Han Jianlin with three visiting scientists at joint lab in China (ILRI)

Leading two continents to genetic research collaboration

Han Jianlin retired from ILRI on the 31 August 2023 after serving the organization for 24 years, but he won’t be leaving the research world just yet. After working as a research fellow (1999-2000), postdoc, scientist, and senior scientist (since April 2001) at ILRI, he is in active 'retirement', as ILRI’s Chief Representative in Beijing, China (consultant). He is also leading the Program on the Functional Genomics and Innovation of Smart Small Ruminant Breeds at the Yazhouwan National Laboratory in Sanya, Hainan, China, where he is building a team of up to 15 scientists and 20 postdocs. These roles will enable him to continue maintaining and strengthening academic ties and friendships between his research partners and ILRI. 

We had the opportunity to hear more about Han’s achievements at ILRI and his plans during an interview shortly after his ‘retirement’.  

Han Jianlin with Appolinaire Djikeng, current ILRI DG and former director of the BecA-ILRI Hub at the meeting of ILRI's Institute Research and Management Committee (IRMC) in Nairobi in Oct 2013 (ILRI/Susan MacMillan)

How did you pursue a career in livestock genetics research? 

I joined ILRI-Nairobi in 2001 and was re-allocated to Beijing in 2006 to do research on livestock genetics and genomics. I first had a chance to go to Nairobi in 1999 and after learning about ILRI’s work, and said yes to help develop it more. My work first started as a collaboration and then led to the creation of a position as a research scientist to work at ILRI. 

Why did you join ILRI, and what were your early days like?  

Before I came to ILRI-Nairobi, I worked as a visiting scientist for another university in Germany whose lab was very advanced. But Nairobi had even better facilities than the lab in Germany at that time and I liked how ILRI operated. I wanted to help expand ILRI’s genetic research from Africa to Asia and be a lead for national partners. 

It was exciting to figure out how to work in Asia - we had to learn to scale up what worked in African countries for bigger countries such as India and China. 

What is your greatest impact during your tenure at ILRI? 

While research achievements carry the boast of many scientists, the biggest impact I believe I had at ILRI was building networks of people together between Africa and Asia, which has increased partnership between the two continents. I did this through training embedded into collaborative projects involving research fellows from Africa and Asia, in our research labs in Nairobi and Beijing, from 2005 to 2020. But in addition to this, I have also led research projects to increase the efficiency of DNA sequencing and have published 20-30 high impact articles around everything from the origin and history of livestock species, and the dispersion of genetic diversity in chickens, ducks, pigs, cattle, buffaloes, yak, sheep, goats, horses, camels, and more.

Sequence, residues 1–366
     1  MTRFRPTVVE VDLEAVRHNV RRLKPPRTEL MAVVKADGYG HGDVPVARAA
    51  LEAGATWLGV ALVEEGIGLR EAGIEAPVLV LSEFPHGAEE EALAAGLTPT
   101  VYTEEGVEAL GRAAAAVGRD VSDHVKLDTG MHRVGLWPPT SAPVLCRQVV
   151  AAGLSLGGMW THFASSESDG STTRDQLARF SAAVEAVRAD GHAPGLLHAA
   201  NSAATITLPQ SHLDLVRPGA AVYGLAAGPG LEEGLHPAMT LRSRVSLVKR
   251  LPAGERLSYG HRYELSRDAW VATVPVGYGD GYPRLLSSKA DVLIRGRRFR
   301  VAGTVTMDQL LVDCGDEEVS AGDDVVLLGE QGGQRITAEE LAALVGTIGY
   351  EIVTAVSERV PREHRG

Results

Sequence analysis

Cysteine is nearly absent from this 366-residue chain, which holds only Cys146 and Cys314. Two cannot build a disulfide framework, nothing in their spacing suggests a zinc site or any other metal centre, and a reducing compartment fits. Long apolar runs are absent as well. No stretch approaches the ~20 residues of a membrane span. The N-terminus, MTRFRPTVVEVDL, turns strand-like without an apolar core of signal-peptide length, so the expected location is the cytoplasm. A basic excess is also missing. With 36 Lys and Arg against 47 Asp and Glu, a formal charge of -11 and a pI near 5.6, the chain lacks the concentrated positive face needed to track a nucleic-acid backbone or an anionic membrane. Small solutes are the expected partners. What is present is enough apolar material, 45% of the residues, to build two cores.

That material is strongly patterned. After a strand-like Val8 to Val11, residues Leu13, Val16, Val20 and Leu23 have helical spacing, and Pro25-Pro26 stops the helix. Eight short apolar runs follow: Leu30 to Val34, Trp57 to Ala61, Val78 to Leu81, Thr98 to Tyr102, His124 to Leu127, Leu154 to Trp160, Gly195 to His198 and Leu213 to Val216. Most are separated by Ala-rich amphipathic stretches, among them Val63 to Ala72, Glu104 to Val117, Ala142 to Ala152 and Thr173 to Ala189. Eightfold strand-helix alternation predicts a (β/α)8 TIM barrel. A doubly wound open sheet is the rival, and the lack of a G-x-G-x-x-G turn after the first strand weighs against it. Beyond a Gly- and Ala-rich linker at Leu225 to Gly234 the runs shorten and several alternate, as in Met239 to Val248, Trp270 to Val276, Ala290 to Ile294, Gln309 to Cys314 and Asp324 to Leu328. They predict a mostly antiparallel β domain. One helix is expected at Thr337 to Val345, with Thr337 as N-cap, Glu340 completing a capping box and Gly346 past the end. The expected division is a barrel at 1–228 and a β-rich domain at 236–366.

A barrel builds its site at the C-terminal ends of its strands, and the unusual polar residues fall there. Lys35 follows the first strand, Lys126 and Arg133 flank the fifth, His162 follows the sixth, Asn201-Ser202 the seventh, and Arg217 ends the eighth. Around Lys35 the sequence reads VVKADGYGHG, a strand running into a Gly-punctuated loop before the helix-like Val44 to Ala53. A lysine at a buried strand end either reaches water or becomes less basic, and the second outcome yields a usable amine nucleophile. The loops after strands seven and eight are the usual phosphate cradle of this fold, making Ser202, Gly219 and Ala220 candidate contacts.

How will your links to several universities in China shape the future of livestock research? 

Fostering academic ties and experiences between researchers in China and the African continent will increase knowledge exchange and potential collaborations between diverse groups to learn from each other and increase our impact together. I have a strong influence on groups of scientists in different universities and research organizations in China and have been pushing for more international collaboration on genetics research of livestock. 

You also mention the need for young research fellows from diverse countries. How do you plan to support their growth and development? 

I want to open new training to fellows outside of China to be trained on genetics and genomics research to develop influential initiatives on livestock improvement over the next few years.

Meeting of ILRI's Institute Research and Management Committee (IRMC) in Nairobi in Oct 2013 (ILRI/Susan MacMillan)

What do you see for yourself in this new chapter of your career? 

I want to take people to visit our new facilities and create a work plan to collaborate with ILRI colleagues through the ILRI network we have created. I want to continue working with people in ILRI’s genetic program such as Steve Kemp, Olivier Hanotte, Okeyo Mwai, Tadelle Dessie, Julie Ojango, and many more. We need to do this to increase the international image of conducting research on livestock genetics and to increase the interests of young fellows in this field so that more people seek doing genetic research of livestock.